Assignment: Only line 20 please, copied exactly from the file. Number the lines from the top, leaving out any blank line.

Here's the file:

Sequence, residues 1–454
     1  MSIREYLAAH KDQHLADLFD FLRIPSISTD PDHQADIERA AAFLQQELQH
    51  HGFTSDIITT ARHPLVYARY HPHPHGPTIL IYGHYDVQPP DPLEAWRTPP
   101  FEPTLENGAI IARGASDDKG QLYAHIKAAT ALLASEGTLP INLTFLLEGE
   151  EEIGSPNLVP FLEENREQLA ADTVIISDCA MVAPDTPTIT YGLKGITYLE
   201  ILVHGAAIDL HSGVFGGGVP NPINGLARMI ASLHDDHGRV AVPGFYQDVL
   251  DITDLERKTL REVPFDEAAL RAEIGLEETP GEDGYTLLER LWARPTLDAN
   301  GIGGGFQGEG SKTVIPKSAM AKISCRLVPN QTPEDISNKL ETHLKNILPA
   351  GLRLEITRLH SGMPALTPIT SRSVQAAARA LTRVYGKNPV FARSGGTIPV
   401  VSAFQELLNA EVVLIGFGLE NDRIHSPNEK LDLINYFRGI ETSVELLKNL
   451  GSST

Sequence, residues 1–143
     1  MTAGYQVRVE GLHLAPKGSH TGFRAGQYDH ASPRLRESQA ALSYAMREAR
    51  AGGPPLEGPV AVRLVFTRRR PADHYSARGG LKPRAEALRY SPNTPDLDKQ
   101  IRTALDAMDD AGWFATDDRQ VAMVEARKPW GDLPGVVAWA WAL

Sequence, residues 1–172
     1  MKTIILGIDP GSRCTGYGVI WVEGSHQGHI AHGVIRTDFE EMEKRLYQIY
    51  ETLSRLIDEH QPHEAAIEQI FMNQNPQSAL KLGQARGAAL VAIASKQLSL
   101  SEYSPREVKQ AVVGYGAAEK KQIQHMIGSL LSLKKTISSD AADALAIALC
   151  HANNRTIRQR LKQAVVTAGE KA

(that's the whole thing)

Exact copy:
   151  HANNRTIRQR LKQAVVTAGE KA